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Los Angeles Kings' Jonathan Quick emerges as elite goaltender

Quick, who allowed only seven goals in L.A.'s Stanley Cup Final victory over the New Jersey Devils, 'rises to the occasion and doesn't let bad goals get to him,' his GM says.

June 13, 2012|By Chris Foster
  • Kings goalie Jonathan Quick won the Conn Smythe Trophy, given to the MVP of the NHL playoffs.
Kings goalie Jonathan Quick won the Conn Smythe Trophy, given to the MVP… (Wally Skalij / Los Angeles…)

Jonathan Quick moved into the NHL elite category with a regular season that earned him a nomination for the Vezina Trophy, given to the league's top goalie.

He continued that play during the Stanley Cup playoffs, allowing no more than two goals a game during an eight-game winning steak from April 22 to May 17. Quick put the Kings on the path to the Stanley Cup against the Vancouver Canucks in the first round. He stopped 46 of 48 shots in a 4-2 victory in Game 2 and 41 shots in a 1-0 victory in Game 3.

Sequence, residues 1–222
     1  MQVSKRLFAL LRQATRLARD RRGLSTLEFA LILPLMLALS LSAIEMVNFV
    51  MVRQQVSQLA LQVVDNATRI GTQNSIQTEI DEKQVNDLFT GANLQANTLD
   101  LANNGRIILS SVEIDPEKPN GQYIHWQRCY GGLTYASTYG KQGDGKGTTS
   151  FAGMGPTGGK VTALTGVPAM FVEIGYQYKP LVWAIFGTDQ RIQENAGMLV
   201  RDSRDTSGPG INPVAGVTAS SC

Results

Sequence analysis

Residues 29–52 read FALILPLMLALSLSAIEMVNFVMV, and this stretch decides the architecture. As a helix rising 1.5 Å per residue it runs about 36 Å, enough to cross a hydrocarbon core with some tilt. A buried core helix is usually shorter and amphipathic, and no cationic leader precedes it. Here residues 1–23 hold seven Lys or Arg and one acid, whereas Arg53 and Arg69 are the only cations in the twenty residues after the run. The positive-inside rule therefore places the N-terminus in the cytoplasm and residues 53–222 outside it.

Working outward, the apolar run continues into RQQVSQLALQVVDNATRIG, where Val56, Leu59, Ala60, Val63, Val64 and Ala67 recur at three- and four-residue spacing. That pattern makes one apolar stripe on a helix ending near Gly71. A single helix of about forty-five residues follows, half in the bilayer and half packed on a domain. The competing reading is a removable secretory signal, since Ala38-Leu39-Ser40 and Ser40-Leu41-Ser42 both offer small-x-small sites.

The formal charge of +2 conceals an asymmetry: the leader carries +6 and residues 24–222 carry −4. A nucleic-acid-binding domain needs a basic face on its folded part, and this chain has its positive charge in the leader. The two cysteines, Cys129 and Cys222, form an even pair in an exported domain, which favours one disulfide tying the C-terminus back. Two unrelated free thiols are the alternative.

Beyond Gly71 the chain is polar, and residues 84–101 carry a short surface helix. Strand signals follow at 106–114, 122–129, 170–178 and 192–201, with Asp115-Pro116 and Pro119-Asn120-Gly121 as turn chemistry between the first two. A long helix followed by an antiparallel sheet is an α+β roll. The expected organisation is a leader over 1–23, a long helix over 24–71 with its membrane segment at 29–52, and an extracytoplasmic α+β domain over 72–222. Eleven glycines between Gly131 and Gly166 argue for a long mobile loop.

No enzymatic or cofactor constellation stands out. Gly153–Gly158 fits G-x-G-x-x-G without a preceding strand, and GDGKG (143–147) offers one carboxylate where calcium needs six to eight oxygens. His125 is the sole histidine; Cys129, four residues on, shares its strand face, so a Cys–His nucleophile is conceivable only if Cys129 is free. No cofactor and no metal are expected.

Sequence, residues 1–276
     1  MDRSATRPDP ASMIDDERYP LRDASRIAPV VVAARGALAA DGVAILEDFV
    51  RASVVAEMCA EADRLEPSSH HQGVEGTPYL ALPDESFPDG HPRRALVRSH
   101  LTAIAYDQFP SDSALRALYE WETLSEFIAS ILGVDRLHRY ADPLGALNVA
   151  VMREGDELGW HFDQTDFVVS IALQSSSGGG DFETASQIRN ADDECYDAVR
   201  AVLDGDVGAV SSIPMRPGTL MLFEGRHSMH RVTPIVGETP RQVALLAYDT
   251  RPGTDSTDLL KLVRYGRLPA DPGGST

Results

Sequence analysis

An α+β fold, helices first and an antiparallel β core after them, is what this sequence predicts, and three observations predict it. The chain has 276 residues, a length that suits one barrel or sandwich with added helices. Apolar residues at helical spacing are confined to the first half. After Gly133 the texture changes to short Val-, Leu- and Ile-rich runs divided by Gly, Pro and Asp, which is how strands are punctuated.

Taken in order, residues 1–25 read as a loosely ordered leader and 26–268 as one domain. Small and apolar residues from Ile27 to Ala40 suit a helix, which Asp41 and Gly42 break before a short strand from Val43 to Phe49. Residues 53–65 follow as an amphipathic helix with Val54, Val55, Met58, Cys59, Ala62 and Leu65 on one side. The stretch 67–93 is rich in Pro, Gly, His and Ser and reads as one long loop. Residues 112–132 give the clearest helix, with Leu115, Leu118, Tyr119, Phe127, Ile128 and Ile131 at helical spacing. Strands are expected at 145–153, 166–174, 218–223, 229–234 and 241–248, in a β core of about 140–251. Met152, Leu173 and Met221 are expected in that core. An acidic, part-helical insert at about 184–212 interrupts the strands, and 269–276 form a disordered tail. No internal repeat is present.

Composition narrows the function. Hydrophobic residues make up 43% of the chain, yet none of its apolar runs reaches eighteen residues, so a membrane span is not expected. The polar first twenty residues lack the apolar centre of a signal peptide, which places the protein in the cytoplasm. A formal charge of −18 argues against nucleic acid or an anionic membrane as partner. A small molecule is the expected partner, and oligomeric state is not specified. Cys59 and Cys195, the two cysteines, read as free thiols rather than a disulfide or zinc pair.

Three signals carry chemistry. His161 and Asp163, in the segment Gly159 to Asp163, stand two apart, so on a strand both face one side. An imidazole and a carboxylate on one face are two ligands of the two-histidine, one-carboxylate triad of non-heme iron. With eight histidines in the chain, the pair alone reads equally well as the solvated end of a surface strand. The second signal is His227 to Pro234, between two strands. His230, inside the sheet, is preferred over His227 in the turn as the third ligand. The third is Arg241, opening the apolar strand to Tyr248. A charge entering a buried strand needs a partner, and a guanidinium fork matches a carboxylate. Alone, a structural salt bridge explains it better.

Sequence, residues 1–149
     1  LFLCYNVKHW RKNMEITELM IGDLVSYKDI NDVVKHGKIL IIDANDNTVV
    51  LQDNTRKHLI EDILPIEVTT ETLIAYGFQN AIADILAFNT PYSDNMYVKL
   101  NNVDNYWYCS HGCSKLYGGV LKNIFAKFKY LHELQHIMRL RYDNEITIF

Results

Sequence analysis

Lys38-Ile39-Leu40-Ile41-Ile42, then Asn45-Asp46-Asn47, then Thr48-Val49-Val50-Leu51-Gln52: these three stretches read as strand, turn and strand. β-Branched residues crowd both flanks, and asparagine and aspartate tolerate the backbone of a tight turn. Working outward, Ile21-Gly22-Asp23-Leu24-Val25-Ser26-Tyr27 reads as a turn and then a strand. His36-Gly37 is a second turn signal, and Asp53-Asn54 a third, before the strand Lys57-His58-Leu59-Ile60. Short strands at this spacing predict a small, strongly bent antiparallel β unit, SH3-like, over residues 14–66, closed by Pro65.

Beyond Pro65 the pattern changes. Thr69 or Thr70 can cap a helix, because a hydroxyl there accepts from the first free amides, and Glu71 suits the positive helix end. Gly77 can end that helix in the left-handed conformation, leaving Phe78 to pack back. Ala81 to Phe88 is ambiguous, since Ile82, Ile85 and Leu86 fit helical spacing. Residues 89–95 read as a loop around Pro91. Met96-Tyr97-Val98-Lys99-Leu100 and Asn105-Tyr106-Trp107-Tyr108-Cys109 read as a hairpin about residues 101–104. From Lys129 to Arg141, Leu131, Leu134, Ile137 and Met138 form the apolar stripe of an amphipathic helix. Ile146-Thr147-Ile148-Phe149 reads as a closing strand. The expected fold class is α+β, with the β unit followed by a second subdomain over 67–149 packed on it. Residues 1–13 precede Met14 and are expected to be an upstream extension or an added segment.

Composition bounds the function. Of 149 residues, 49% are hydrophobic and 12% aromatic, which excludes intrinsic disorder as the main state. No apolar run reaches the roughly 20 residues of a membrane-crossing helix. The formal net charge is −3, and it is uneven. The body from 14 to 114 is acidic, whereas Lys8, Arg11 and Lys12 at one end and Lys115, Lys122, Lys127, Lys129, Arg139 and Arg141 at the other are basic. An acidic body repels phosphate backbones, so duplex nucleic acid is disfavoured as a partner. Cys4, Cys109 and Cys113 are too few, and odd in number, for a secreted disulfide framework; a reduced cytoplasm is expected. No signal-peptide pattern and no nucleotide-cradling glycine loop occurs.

"There's no doubt there's a maturity aspect ... in the way he approaches things," Kings goaltender coach Bill Ranford said. "He was the type of guy that would come out for practice some days and just goof off and I'd have to reel him in and say, 'You know what? We don't want to start picking up bad habits.' And you don't see a lot of that with him anymore."

NHL teams probably wish Quick would goof off a little more.

He allowed only seven goals in Stanley Cup Final games, including a shutout in Game 3. His efforts earned him the Conn Smythe Trophy.

Quick finished second in the NHL with a 1.95 goals-against average and his .929 save percentage was fifth. Both set Kings records. He also led the league with 10 shutouts, breaking Rogie Vachon's single-season team record.

The season got off to a strong start. Quick set a team record by not allowing a goal for 202 minutes 11 seconds, a streak that included three consecutive shutouts. He also became the first Kings goaltender to have three consecutive 30-win seasons.

"He rises to the occasion and he doesn't let bad goals get to him," Kings GM Dean Lombardi said.

Quick was a third-round pick in the 2005 NHL draft out of Massachusetts.

chris.foster@latimes.com

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